SNIA is announcing a new way for memory to be utilized in devices. The Smart Data Accelerator Interface or SDXI, is designed to help optimize memory-to-memory data movers. If this sounds like next-gen Direct Memory Access to you then you’d be right! The goal is to help SNIA members build more integrations with CXL as well as building on the disaggregated computing research that has been going on. This and more on the Rundown.
0:40 | IBM Storage to Drop Spectrum Branding
IBM is rebranding their storage offerings to be more direct. Instead of the previous Spectrum prefix the line will now be known as IBM Storage. Big Blue had been using Spectrum since 2015. The lineup has started to include more of Red Hat’s storage offerings since last year and some of those offerings, such as Ceph, were never branded with the Spectrum moniker. IBM says this is part of a realignment to address their client needs. Stephen, is this just a fresh coat of paint? Or does the integration of Red Hat signal a sea change in IBM Storage?
Read More: Spectrum no more: IBM drops brand name for storage products
3:36 | HPE Acquires Athonet for Private 5G
HPE announced last week that they’re jumping into the private 5G market with a splash. They acquired Athonet, a company that has been providing hardware for core mobile networks as well as private options for enterprises. Athonet has been in business for over 15 years and has 450 customers. The private 5G market is projected to be a billion dollar industry in just a few short years. HPE had previously been partnered with private cellular pioneer Celona and HPE announced that customers that had purchased Celona hardware through HPE Aruba would continue to be supported. Tom, why did HPE go with Athonet?
Read More: Hewlett Packard Enterprise Doubles Down on Private 5G, Extends Leadership in Wireless Connectivity with Acquisition of Athonet
7:38 | Scale Computing Introduces Zero Touch Provisioning at Edge Field Day
The very first Edge Field Day was last week and Scale Computing had a big announcement to go with it. They debuted their new Zero Touch Provisioning capability for Scale Fleet Manager. This enables IT departments to set up edge compute devices with a minimum of effort on the part of the installer. The devices can be pre-configured to phone home when cabled to the infrastructure, where Fleet Manager allows operations teams to provision the devices and get them running without being on-site. This is a massive improvement in the way that edge nodes have typically been deployed. Stephen, you got a close look at this technology. What do you think?
Read More: SC//Fleet Manager with Zero-Touch Provisioning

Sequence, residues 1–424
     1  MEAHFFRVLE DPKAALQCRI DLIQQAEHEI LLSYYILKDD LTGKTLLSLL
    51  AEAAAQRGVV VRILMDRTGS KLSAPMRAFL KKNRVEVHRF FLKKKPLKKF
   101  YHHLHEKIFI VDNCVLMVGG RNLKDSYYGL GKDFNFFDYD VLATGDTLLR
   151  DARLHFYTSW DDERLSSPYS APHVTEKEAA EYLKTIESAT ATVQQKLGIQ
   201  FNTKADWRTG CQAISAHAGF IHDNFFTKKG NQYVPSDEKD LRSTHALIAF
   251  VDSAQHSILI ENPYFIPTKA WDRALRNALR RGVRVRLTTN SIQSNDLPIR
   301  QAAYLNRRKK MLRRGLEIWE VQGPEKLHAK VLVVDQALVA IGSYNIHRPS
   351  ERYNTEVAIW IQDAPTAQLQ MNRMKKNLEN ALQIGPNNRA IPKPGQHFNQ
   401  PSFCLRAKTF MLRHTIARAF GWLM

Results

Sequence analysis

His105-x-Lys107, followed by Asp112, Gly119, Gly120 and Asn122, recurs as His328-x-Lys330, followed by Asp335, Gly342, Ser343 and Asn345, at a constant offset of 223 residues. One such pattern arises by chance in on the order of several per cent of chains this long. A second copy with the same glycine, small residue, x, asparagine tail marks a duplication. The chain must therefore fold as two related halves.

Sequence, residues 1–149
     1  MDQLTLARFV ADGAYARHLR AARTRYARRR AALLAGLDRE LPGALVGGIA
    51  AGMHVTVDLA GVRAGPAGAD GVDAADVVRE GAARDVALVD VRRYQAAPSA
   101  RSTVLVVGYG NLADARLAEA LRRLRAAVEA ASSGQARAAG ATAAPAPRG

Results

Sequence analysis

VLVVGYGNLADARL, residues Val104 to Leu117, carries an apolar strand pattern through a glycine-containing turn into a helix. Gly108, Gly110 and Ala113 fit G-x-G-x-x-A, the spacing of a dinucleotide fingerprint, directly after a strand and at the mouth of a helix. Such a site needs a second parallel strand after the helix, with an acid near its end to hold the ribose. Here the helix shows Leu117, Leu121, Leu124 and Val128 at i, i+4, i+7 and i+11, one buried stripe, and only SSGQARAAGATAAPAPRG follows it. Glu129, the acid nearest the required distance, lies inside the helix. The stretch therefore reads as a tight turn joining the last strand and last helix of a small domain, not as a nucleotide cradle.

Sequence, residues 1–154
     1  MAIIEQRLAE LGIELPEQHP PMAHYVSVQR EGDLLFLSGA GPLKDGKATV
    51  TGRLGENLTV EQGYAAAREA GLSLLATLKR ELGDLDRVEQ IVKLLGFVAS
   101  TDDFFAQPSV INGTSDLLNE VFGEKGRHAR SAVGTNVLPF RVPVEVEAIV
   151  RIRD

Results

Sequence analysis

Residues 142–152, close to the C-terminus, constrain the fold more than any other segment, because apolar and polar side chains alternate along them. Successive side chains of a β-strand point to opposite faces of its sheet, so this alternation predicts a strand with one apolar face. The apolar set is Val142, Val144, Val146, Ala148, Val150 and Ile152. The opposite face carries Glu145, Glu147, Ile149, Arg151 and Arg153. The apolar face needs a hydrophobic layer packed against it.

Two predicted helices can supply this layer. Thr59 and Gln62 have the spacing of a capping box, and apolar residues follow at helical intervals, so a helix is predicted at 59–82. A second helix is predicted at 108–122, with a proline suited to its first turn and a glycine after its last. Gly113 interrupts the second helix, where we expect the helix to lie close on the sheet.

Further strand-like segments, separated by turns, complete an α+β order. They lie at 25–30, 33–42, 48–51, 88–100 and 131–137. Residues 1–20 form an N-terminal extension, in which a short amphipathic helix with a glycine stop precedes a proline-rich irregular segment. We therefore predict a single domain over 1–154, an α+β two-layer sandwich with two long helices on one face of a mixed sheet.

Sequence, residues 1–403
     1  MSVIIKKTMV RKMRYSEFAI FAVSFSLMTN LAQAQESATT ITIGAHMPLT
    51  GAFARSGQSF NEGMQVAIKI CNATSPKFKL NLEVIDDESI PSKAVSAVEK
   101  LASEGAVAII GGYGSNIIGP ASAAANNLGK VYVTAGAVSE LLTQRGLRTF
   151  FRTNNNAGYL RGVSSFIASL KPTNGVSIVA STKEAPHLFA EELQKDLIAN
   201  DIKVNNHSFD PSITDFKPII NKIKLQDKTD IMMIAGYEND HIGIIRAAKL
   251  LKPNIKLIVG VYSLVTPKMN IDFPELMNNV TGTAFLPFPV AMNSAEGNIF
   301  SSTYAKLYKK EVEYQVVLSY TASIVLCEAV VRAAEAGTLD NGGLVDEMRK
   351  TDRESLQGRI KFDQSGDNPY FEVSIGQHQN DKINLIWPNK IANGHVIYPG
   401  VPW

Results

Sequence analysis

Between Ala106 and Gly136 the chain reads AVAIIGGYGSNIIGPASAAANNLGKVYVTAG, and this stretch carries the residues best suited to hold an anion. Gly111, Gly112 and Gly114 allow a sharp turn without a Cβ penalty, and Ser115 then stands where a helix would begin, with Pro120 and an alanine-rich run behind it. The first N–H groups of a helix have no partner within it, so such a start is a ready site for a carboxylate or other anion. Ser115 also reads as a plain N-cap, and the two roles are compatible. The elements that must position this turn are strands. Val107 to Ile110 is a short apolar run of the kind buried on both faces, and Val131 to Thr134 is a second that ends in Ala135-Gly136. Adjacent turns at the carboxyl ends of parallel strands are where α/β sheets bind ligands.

Watch: Scale Computing at Edge Field Day 1
10:38 | Hackers Breached T-Mobile 100 Times in 2022
Brian Krebs broke a big story yesterday when he disclosed that SIM-swapping hacker groups had successfully penetrated T-Mobile’s internal network over 100 times in 2022. The data from three Telegram channels frequented by criminals was analyzed to determine when T-Mobile employees had successfully been phished and had their internal tool access compromised to enable this form of activity. The data suggests that attackers were very active in the summer of 2022 with access beginning to trail off by the end of the year. Tom, this is a pretty big deal for T-Mobile, isn’t it?
Read More: Hackers Claim They Breached T-Mobile More Than 100 Times in 2022
15:02 | SNIA Gets Smart with New Smart Accelerator Interface
SNIA is announcing a new way for memory to be utilized in devices. The Smart Data Accelerator Interface or SDXI, is designed to help optimize memory-to-memory data movers. If this sounds like next-gen Direct Memory Access to you then you’d be right! The goal is to help SNIA members build more integrations with CXL as well as building on the disaggregated computing research that has been going on. Stephen, what is SNIA hoping to accomplish with this new standard?
Read More: SNIA’s New Smart Data Accelerator Interface Specification
18:32 | US Levels the CHIPS Act Funding Field
We’ve covered a lot of the news that’s come out of the US Chips act and the first monies are finally starting to be handed out to firms. Of course, that’s not to say the first round of things hasn’t had its own special drama. The government has stated that the Chips Act isn’t a handout for struggling firms and is instead focused on national security. To that end, chipmakers that agree to recieve the money must also agree not to expand capacity in China for at least the next decade. The wording of the statement doesn’t specifcally cal out China but the read of it by the industry is pretty clear. Intel also caused a bit of a kerfuffle by stating that the US should prioritize US-based companies for Chips funding such as themselves over Taiwanese companies like TSMC. The White House clapped back by saying the funds would be allocated to companies as they saw fit. Stephen, now that we’re seeing this come to fruition are we going to see more arguments over the semantics?
Read More: US Takes Security-First Focus in Doling Out $39 Billion Chip Aid
Read More: Biden’s Semiconductor Plan Flexes the Power of the Federal Government
Read More: Chipmakers receiving US federal funds can’t expand in China for 10 years
31:20 | The Weeks Ahead
Tech Field Day 27 – March 8 through March 10, 2023
Storage Field Day 25 – March 22 through March 23, 2023
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